Written by Louise
When someone important to us dies, our life as we know it changes forever. Waves of emotions can hit you at any time, especially in the first weeks and months and we can sometimes be left questioning who we are and what we are doing in this world.
“I never imagined there would be a day that my sister wouldn’t be here”
My perception of the world changed in an instant. I turned 24 years old just three days before my sister died. We were very close in age and most of my childhood memories are of us playing; when we laughed and sang and messed around. Our relationship changed as we grew. My sister started a family and got a job and I moved away for university, but we still remained close. I never imagined there would be a day that my sister wouldn’t be here.
After I got over the initial shock of losing my sister and my emotions started to settle, I became acutely aware of my own mortality. I had an ‘I could die tomorrow’ mindset. This led to me making bigger decisions more easily and allowed me to re-assess my life and the direction I was going.
“I feel a deep sadness that my sister didn’t know I was gay”
I cannot pinpoint the exact moment I accepted myself for being gay, but I remember thinking about my sexuality and memories of times when I had pushed those thoughts away came flooding back. I had spent my whole life ignoring who I was for many reasons. Once I allowed myself the freedom to explore my sexuality, I knew without a doubt that I was gay and today I proudly and openly call myself a lesbian.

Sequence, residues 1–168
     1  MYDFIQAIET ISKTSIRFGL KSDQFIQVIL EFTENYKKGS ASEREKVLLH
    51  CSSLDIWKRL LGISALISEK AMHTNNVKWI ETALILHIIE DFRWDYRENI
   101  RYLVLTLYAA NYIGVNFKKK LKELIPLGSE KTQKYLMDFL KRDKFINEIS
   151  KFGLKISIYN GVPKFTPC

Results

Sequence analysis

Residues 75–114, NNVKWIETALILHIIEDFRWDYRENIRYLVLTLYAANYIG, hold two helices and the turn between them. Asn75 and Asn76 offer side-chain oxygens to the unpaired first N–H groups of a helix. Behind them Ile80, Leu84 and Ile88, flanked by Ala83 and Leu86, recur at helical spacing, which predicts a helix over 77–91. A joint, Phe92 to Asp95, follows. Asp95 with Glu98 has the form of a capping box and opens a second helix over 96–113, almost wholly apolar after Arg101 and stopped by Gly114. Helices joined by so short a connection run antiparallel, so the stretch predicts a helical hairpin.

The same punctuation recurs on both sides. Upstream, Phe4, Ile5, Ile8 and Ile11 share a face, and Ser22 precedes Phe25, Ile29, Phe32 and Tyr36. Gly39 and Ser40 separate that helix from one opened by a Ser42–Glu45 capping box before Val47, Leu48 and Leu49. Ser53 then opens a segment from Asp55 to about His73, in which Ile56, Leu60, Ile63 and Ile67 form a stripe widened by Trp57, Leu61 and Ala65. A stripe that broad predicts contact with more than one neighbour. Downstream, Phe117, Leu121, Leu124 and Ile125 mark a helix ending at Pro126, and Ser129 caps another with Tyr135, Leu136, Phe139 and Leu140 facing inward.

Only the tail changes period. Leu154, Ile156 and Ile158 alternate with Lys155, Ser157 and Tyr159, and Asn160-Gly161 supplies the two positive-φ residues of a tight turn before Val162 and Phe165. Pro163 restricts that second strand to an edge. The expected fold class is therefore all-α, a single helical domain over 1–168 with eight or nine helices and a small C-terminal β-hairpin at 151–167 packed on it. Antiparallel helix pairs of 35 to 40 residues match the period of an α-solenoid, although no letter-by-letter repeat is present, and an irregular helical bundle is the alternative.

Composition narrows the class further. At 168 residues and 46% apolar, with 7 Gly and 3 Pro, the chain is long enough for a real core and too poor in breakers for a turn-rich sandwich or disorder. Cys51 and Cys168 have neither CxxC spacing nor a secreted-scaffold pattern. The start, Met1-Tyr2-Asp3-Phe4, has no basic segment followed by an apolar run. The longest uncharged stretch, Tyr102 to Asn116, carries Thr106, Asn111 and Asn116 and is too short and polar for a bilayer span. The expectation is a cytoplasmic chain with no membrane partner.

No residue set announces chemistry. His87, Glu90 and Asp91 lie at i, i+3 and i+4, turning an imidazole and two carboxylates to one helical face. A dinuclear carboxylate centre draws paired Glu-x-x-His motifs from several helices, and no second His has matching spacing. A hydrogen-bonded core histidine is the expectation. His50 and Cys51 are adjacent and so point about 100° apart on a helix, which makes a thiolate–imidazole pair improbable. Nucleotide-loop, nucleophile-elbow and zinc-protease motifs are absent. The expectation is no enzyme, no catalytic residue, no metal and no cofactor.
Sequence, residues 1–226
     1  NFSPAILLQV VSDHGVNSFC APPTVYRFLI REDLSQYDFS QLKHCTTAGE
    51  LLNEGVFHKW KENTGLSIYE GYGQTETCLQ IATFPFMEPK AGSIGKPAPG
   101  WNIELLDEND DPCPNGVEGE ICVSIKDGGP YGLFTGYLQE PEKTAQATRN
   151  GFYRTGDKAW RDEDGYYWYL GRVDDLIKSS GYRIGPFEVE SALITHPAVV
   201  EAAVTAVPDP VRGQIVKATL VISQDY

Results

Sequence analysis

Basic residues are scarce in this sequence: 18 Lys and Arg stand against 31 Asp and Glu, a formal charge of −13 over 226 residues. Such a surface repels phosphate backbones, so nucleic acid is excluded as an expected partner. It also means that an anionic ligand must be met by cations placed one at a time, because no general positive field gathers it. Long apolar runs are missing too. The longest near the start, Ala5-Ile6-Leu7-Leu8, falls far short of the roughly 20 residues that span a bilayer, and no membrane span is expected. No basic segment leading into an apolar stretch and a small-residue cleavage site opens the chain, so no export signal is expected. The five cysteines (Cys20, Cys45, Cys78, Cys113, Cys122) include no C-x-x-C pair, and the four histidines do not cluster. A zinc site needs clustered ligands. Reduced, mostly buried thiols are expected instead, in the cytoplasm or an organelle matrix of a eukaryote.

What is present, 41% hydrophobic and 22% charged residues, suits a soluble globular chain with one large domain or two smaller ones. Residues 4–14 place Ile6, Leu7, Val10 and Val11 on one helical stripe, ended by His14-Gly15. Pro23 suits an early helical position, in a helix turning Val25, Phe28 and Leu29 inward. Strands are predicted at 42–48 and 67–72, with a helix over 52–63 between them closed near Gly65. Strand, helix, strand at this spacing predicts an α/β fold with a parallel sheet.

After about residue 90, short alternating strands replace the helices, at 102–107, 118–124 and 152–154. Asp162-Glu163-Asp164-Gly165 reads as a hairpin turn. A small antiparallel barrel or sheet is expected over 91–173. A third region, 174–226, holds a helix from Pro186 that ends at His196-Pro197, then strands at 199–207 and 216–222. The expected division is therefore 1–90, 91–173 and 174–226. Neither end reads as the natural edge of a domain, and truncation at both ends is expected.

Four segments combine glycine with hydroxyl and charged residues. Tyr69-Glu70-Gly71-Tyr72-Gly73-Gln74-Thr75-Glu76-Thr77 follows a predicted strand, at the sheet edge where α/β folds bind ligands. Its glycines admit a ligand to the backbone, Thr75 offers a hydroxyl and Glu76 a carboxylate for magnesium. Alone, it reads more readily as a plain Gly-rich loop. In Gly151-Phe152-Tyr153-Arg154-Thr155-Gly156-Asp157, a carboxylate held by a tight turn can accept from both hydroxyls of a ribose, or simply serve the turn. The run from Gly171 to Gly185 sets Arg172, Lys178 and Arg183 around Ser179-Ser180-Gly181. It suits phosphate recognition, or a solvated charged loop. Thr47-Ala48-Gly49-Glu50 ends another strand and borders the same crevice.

I often wonder how my life would have looked if I’d accepted myself earlier or if my sister didn’t die would I have even accepted myself at all? I feel a deep sadness that my sister didn’t know I was gay. I sometimes think of how she would have reacted and conjure up a funny story in my head of how I would have told her, or what she would have said. I know she would have accepted and loved me regardless of who I loved.
Grief is often life changing and for me it allowed me to finally be who I was all along. If you are grieving and also struggling with or exploring your sexuality you are not alone. Make sure you reach out to those around you who you trust and be kind to yourself. Grief can be hard enough to navigate and thinking about our sexuality and how it relates to our grief can feel even harder.
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How to speak to Winston’s Wish
If you’re struggling with grief right now, Winston’s Wish is here to help and here to listen. Winston’s Wish provides support for grieving children and young people (up to the age of 25). We offer one-to-one and group support sessions. We also have lots of online resources and a Helpline, email and live chat service where you can talk to bereavement professionals.
If you need urgent support in a crisis, you can contact the 24/7 Winston’s Wish Crisis Messenger by texting WW to 85258.